One-Zero immediately recognized the primary target by the red tabs on the collar of the NVA officer's uniform. He appeared to be wearing the insignia of a lieutenant colonel. Ahead of the senior officer walked a captain, and behind him, walked an enlisted NVA soldier carrying a radio. The colonel, the radio and the captain were the target priorities. The One-Zero looked over at the One-One who was already looking at him.

Both men's faces showed the strain and the effects of the massive adrenal rush that was beginning to pound through their systems. Eyes were wide with the pupils dilated, rapid-fire pulses were visible in the carotid arteries of their necks and a palpable charge of emotionally ionized air surrounded the two men. One-One would take the radio operator through the back in order to destroy the radio. One-Zero would kill the Colonel and the Captain to disrupt leadership. After all three targets were down, the Americans would either start a run for their lives south and east into the jungle-covered, broken floor of the Ashau Valley or remain motionless in their present position. The actions of the enemy would dictate their own course of action. They depended upon the velvet blackness of the jungle night to hide and protect them. One-Zero watched One-One carefully move to the side and mount his specially adapted M14 rifle, designated an "XM-21," to his shoulder.

Both men swung their weapons and placed their scopes on their initial targets. One-One would wait until One-Zero fired eliminating the colonel who was the principle target.

The unofficial .308 caliber cartridge with its 168 grain International Match Boat Tail Hollow Point bullet, a round very similar to, but different from, the "White Box" match ammunition of the early 60's lay quietly in the chamber of One-Zero's rifle. With its sleek and polished lines, it resembled a missile poised in its launching silo. The One-Zero settled the junction of the fine gold cross hairs on the top of the North Vietnamese officer's head to allow for the drop of the bullet at the 600 plus yard range. The scopes had been precisely adjusted previously for zero during their wait. Mirage was rising straight and calm so it was not necessary to correct for lateral error, known as deflection.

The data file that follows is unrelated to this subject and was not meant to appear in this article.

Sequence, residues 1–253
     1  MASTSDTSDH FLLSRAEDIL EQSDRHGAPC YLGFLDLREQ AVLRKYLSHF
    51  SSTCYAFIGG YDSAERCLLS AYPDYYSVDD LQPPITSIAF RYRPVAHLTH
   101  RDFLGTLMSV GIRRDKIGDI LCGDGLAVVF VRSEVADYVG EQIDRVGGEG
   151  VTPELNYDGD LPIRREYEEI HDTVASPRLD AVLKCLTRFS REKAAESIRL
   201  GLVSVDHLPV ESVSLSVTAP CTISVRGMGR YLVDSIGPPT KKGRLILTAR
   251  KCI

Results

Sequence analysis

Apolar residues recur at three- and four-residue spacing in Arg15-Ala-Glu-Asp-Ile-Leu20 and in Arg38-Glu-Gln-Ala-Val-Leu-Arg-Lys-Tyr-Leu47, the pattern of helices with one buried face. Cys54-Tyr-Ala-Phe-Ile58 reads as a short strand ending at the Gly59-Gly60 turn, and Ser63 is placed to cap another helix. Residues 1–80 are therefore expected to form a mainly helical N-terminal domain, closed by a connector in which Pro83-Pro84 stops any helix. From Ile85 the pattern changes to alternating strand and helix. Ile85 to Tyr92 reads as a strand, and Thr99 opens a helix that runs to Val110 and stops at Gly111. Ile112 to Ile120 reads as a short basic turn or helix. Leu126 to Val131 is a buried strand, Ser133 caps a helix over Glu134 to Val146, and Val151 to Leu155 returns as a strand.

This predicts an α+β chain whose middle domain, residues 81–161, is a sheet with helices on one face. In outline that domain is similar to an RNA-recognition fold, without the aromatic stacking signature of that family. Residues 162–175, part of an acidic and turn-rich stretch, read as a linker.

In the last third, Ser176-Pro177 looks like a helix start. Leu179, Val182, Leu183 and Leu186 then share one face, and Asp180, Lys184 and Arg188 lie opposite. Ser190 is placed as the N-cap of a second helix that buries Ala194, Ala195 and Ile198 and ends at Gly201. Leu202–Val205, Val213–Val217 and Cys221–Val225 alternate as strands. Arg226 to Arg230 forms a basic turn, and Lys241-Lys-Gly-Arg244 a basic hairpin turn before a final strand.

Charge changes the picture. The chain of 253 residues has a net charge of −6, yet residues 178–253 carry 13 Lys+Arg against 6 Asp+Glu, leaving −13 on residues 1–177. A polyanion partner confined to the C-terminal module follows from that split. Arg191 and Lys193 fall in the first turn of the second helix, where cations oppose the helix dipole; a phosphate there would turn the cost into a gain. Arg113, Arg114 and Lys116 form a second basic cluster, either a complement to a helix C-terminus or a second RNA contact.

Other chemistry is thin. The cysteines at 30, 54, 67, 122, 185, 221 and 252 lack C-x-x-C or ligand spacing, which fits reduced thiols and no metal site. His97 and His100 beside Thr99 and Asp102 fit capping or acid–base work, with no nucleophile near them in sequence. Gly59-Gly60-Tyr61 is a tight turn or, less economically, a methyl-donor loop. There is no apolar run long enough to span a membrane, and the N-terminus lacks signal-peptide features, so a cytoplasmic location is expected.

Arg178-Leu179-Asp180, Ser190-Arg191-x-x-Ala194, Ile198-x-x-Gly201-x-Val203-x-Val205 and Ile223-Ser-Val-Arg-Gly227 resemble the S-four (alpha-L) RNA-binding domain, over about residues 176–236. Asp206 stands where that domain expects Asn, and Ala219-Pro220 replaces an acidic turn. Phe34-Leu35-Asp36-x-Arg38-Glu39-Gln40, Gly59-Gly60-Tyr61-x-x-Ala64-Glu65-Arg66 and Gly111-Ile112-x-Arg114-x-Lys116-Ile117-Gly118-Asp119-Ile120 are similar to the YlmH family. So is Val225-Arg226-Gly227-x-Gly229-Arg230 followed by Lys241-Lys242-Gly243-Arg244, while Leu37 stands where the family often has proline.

One-Zero took in a full complement of air and slowly exhaled under pressure between his teeth. His brain needed a maximum oxygen supply to control the complex series of fine motor functions that had to interact flawlessly to produce a perfect shot. As he gazed through the rifle's scope and began to apply the mere two pounds of pressure to the weapon's trigger, he hesitated. The adrenal rush, the sniper's drug of addiction was working against him. His metabolic rate was too high to produce the absolute stability needed for the shot. He watched his pulse bounce the cross hairs as his quarry continued to traverse the distance between the black maw of the rifle's muzzle and the enemy soldier's spine. One-Zero called upon the biofeedback training he had undergone in Sniper School and slowed his pulse to barely over fifty beats per minute. Death waited six heartbeats away.